Wednesday, September 10, 2008's COLD

I love ice baths. And yes, I realize that is a bizarre sentiment. But after running 10+ miles, there is absolutely NOTHING I'd rather do. I'll add to say that if I've done anything OTHER than run 10+ miles, an ice bath is the farthest thing from my mind.

And yes, this photo is of a birdbath, not a bathtub -- get over it.

Ah, but the ice bath. As much ice as you can possibly stand (or, in my case, as much ice as you have stored in the freezer or remember to buy the day before) + water as cold as you can get it from the tap = ice bath.

According to Runner's World, "Cryotherapy ('cold therapy') constricts blood vessels and decreases metabolic activity, which reduces swelling and tissue breakdown. Once the skin is no longer in contact with the cold source, the underlying tissues warm up, causing a return of faster blood flow, which helps return the byproducts of cellular breakdown to the lymph system for efficient recycling by the body. 'Ice baths don't only suppress inflammation, but help to flush harmful metabolic debris out of your muscles,' says David Terry, M.D., an ultrarunner who has finished both the Western States 100-Mile Endurance Run and the Wasatch Front 100-Mile Endurance Run 10 consecutive times."

But forget science and technicalities -- all I know is that by some sort of miracle, ice baths WORK. 

My recovery routine:
*remove shoes
*refuel using low fat chocolate milk / recoverite / etc.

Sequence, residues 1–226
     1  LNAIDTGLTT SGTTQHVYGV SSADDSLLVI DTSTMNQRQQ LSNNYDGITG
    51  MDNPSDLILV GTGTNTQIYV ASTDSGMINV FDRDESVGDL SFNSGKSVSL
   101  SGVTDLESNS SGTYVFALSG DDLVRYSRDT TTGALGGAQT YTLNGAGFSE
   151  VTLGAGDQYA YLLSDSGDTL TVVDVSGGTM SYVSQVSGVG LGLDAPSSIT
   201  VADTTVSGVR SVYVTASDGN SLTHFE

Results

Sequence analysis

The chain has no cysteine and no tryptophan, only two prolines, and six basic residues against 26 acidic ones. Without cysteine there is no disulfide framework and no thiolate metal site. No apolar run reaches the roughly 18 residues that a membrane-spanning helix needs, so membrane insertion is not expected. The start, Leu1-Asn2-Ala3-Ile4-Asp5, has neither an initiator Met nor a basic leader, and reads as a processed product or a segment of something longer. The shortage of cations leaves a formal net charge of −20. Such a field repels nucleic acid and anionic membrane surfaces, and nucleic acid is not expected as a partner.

*ice bath while reading something to remind me why I run (Runner's World, latest running book, etc). I tend to soak at least 20 minutes.
*lay on my bed with my legs at a right angle against the headboard (with the rest of my wrapped up, because I am now FREEZING!) for about 20-30 minutes. 
*I typically don't want to move at this point. Nap and/or lying on couch = GOOD.
*TaDa! Energy returns AND I can move WITHOUT hurting! Magic!!

Oh yeah, I also take a legitimate shower somewhere in there (after the legs at right angle step...) and clean the sweaty grossness away... prior to that, I am always laying on a towel, not directly on my bed!

Tips to make ice baths more tolerable (which you may need unless you are insane and actually learn to like them, like me!):
down jackets, hot beverages, hat! Runner's World Nikki Kimball even wears neoprene booties so that only her legs actually get the full-on cold. 

All I know -- anything that means I can get up and down the stairs to my apartment without grimacing is fantastic!